The flare-up of violence in Guadalajara, a city of 1.5 million people in a metropolitan area of 4.5 million, and the resort town of Puerto Vallarta is the latest setback for the government of President Enrique Peña Nieto. The government has been determined to show that Mexico is a modern, emerging economy, but its inability to control areas where criminal gangs continue to exert control have frustrated these efforts.
“Guadalajara is not a little town in the middle of nowhere, and this shows the cartel has the logistics and power to paralyze a city,” said Jorge Chabat, a security analyst at the CIDE think tank in Mexico City.
. . .
The areas the Jalisco cartel controls sit astride important transport and production centers for cocaine, heroin, methamphetamine and marijuana.
The Jalisco Nueva Generación, who are allies of the Sinaloa cartel, started in 2010 for the purpose of neutralizing the Zetas, according to this report from El Comercio.
The Duke and Duchess of Cambridge, Prince William and Kate Middleton, had a baby daughter born on Saturday, and that’s all you’ll hear about it on this blog.
On with the news in our hemisphere:
Brazilian executed in Indonesia ‘unaware what was happening until end’Priests states Brazilian man executed in Indonesia did not understand what was happening to him because of his schizophrenia and bipolar disorder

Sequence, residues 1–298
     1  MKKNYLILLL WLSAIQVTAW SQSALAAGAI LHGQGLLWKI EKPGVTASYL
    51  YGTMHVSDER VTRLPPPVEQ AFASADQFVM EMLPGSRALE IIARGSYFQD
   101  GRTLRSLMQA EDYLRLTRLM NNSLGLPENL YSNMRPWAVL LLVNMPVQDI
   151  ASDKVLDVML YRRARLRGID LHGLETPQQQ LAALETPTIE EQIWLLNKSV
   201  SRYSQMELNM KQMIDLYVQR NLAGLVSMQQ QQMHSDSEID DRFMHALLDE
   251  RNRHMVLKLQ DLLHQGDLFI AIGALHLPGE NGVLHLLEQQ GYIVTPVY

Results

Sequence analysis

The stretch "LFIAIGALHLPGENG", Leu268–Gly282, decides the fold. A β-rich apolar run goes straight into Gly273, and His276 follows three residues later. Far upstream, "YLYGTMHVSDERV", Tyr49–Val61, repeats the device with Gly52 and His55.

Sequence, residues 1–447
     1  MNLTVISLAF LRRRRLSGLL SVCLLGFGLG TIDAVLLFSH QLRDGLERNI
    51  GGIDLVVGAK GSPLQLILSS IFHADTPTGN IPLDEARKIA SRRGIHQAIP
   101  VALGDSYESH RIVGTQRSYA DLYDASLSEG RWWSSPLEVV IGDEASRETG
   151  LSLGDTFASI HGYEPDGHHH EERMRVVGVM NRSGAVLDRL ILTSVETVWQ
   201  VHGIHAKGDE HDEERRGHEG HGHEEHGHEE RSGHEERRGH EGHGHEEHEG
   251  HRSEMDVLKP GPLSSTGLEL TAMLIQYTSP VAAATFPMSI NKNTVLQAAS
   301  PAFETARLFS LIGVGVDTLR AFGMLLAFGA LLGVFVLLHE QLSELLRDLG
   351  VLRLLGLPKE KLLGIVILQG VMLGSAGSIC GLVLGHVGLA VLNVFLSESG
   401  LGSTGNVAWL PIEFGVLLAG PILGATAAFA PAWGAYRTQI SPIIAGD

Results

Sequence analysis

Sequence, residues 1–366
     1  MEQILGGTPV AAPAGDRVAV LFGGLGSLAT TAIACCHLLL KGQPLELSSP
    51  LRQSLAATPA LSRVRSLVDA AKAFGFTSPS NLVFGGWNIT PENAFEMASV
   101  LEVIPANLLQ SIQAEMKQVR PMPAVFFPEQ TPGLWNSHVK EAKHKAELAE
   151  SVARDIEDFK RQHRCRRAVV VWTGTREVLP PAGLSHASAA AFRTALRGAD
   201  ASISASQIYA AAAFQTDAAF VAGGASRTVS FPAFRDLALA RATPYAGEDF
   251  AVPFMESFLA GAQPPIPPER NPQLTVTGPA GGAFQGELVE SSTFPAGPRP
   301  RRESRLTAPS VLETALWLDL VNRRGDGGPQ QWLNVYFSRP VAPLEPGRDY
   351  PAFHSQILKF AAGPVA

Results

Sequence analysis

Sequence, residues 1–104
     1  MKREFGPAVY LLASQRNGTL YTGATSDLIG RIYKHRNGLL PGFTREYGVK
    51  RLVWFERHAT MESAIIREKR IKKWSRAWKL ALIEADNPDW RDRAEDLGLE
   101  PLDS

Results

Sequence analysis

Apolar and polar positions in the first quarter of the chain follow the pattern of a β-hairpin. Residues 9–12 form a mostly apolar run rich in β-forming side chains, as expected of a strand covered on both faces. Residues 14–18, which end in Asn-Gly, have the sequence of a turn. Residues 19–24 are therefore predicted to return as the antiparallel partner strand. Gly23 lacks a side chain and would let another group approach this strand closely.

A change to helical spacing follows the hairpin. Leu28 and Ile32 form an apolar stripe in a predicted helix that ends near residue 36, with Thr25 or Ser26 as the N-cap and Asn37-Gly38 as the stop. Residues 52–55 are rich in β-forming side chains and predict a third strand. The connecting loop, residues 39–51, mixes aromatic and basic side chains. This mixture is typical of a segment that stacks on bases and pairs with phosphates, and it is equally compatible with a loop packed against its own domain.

Costa Rica is happy — but not too much
From China: Clandestine Arms Shipment Arrives in Cuba
Venezuela’s Maduro Joins Raul Castro for Cuba’s May Day Parade, where no one would dare throw mangoes at them.
A few months before, I registered the Crudo Ecuador brand with the Ecuadorean Institute of Intellectual Property. The I.E.P.I. published the Gaceta, a booklet that shows all the brands that are being registered, including mine.
That’s when things took a dark turn. Some Twitter users began posting I.E.P.I. documents. These documents are supposed to be confidential; they showed my telephone number, my address, my ID number. Then they started posting information from the civil registry. And then, a photo of me in a mall. When I showed my wife the picture, she said, “Hey, this was taken three days ago.” So they’d been following us.
For “peaceful purposes”? Nicaragua approves Russian satellite base for ‘alternative GPS’Opposition say legislation was rushed through without proper scrutinyNicaraguan military says it plans to buy Russian jets and patrol boats
As dusk fell on a recent Saturday, a long dugout canoe floated into this remote town in Darién province of Panama, carrying an increasingly frequent cargo of improbable origins.
At a border police base by the Chucunaque River, the human haul — 13 Bangladeshis, seven Nepalese and two Somalis — disembarked to noisy greetings from other migrants on the bank.
Puerto Rico on the Brink
Puerto Rico is in trouble, after years of bad policies, mismanagement, excessive debt and bad luck.
Its economy has been shrinking or stagnant for a decade and theunemployment rate sits at nearly 12 percent. The commonwealth and its utilities have a debt of $73 billion, its public pension funds are woefully underfunded and one state agency has warned that the government could be forced to shut down soon because it might run out of money.
The week’s posts and podcast:
Argentina: On with slandering the Jews in the AMIA & #Nisman cases